Many farmers are willing to sell a side of beef, a few dozen eggs or a bag of potatoes to their acquaintances. Farmers have been direct marketing since agriculture began and it is only in the last 50 years that direct farm to consumer sales have been questioned. Up until then, governments encouraged farmers in the art of safe food production and processing (some can still remember that 4H lesson on how to properly butcher a chicken.) At one time, many citizens knew their farmer.
Then came the agribusiness revolution and farmers were encouraged by governments to abandon their small enterprises and specialize in the commodity market. Citizens became consumers and within two generations the social link between table and farm was broken.
Now, the grocery store rules the food system with a massive, complicated and expensive network of middlemen who ensure a constant supply of every food imaginable. The food is cheap, but citizens have gradually noticed that the quality and taste have changed. Occasional food recalls and stories of factory conditions have contributed to a general worry about industrial food quality. Consumers grumble and keep going to the grocery store anyway, but a growing number of citizens have started buying directly from a farm.
Some farmers are answering the demand with direct food sales at the farmgate and farmers’ markets. When it suits them, governments jump on the bandwagon and proclaim their support for local foods. It is telling that when it is bottled in Manitoba, Pepsi is defined as a “local” food.
Many farmers have bought into the idea that bigger is better and some have taken it one step further to believe that smaller is bad.
Farm commodity associations have adopted rules which ignore the needs of small scale food producers and actively discourage sales at the farmgate and farmers’ markets.
When challenged, they talk about food safety, although most rules have nothing to do with food safety. Export protocols, international traceability, food sizing, fancy packaging, double signatures and paved parking lots are not necessary when the farm is small and the consumer can question the farmer directly.
Governments have frequently mandated commodity associations to focus on expanding export markets at the expense of small-scale food. So, it was quite a surprise when the Manitoba government commissioned a Small Scale Food Report.
Well, maybe it wasn’t a surprise. A popular farm had first been commended, then raided, over a regulation technicality. The resulting public furor was loud and long. When faced with public outrage, a government’s strongest defence is to commission a report.
The eighteen people selected for the Small Scale Food Manitoba working group included three small scale direct market farmers. Of the rest, five were staff from associations which represent large agribusiness corporations like Maple Leaf Foods and Burnbrae Farms, Canada’s biggest egg conglomerate.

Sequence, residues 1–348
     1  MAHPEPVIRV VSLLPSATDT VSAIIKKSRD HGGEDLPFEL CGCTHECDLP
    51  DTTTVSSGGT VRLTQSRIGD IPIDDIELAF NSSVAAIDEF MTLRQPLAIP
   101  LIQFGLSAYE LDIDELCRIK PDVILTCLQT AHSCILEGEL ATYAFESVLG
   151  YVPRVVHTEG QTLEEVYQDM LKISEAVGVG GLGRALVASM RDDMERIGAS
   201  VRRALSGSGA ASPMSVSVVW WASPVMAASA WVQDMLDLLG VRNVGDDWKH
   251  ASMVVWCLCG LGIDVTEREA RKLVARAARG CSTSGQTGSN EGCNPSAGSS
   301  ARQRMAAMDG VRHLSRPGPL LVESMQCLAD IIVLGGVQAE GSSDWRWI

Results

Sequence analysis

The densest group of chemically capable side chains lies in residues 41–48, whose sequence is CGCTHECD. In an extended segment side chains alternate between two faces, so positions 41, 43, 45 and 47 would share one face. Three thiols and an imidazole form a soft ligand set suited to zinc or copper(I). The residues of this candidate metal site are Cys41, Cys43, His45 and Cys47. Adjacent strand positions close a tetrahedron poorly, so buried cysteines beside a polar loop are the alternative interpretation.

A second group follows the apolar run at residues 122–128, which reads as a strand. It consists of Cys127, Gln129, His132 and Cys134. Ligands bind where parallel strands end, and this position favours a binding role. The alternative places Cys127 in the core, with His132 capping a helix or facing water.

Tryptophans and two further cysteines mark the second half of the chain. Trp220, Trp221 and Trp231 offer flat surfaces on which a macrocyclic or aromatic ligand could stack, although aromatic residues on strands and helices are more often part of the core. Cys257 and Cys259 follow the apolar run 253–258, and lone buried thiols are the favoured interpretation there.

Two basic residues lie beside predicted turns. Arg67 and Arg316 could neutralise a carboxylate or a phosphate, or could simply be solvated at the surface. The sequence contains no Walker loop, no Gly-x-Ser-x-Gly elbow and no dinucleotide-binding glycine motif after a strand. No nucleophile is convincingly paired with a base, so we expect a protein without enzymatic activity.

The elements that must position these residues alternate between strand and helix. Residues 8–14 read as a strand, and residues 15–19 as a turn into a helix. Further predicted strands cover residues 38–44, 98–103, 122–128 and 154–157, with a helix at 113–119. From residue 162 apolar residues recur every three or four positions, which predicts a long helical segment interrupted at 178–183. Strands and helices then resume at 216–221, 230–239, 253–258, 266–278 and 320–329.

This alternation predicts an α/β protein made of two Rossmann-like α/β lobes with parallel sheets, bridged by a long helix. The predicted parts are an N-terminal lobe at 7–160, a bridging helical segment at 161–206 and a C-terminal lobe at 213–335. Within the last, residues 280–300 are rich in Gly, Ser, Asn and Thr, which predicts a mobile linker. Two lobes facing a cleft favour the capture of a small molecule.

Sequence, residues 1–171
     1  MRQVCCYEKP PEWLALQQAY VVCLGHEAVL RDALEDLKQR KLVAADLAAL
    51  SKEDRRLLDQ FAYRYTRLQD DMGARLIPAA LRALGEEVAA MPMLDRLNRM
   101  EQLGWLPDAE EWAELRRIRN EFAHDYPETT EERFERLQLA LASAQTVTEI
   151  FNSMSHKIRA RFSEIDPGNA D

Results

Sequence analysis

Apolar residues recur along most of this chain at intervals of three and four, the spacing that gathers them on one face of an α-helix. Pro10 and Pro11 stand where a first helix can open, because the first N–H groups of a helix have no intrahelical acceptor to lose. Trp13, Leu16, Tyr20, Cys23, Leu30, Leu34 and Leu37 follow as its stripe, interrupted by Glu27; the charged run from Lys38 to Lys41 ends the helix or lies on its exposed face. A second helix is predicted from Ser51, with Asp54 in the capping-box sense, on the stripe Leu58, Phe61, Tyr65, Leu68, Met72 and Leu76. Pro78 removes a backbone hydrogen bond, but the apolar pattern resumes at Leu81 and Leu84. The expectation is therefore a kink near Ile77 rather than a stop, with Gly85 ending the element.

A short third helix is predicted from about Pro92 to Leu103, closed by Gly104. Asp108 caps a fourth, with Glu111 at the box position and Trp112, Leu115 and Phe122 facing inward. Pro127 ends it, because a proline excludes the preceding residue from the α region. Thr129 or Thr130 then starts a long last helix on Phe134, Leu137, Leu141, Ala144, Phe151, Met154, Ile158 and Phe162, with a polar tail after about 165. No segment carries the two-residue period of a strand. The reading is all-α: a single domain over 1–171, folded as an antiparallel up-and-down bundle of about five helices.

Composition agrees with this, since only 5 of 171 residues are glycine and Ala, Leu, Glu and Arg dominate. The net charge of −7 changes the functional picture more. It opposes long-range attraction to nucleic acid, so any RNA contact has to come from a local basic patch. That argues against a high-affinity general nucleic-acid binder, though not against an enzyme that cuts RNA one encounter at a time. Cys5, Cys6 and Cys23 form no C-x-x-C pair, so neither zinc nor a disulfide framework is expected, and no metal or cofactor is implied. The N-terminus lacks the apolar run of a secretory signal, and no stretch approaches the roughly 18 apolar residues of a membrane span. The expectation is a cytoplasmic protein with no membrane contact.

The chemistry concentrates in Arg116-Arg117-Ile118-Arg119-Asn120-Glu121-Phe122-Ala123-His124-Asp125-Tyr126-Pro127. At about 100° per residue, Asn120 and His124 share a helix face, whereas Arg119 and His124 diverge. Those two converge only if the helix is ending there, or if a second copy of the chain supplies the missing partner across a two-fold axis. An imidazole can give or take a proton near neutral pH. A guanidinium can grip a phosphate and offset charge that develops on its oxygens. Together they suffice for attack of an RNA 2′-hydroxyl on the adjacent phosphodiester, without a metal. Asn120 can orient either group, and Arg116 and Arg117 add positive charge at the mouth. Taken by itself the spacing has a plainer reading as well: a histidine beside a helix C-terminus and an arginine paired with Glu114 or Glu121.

Estimates are that about three percent of Manitoba’s food is sold at the farmgate or farmers’ markets. The Small Scale Food report suggests that this market share could grow to ten percent – which would set direct marketing in direct competition with commodity agriculture. Industrial operators see ten percent as the difference between profit and loss and they are unlikely to willingly give up a share of their market.
The Small Scale Food Manitoba Report recommends that small-scale food producers create an association, use it to negotiate with the big associations and convince them to change the rules so that small farmers can have part of their market. How likely is that?
The report recommends that associations “foster a diversity of production methods” and recognize small scale producers “as legitimate members of the commodity group”. It also calls for “a collaborative, inclusive context among the existing boards, small scale specialty producers, government policy analysts and consumers.” That would be a reversal of the long-standing promotion of industrial farming.
Is collaboration possible? Industrial agriculture has a virtual monopoly. Now it is asked to embrace diversity and give up a piece of the market. That is asking a lot.
Public support for small farms is strong and getting stronger. The growing popularity of small scale food and farmers’ markets is a sign that the public wants more than what the industrial food system can provide. The question is, what will the Manitoba government do to make a real place for small scale producers at the table?
Small Scale Food Manitoba presented their report to Hon. Ron Kostyshyn, Manitoba Minister of Agriculture, Food and Rural Development on January 14, 2015. The report is available here.
The Manitoba government’s response is available here.
To learn more about the National Farmers Union policies related to small scale farming and local food, see the NFU‘s Sustainable Agriculture Policy.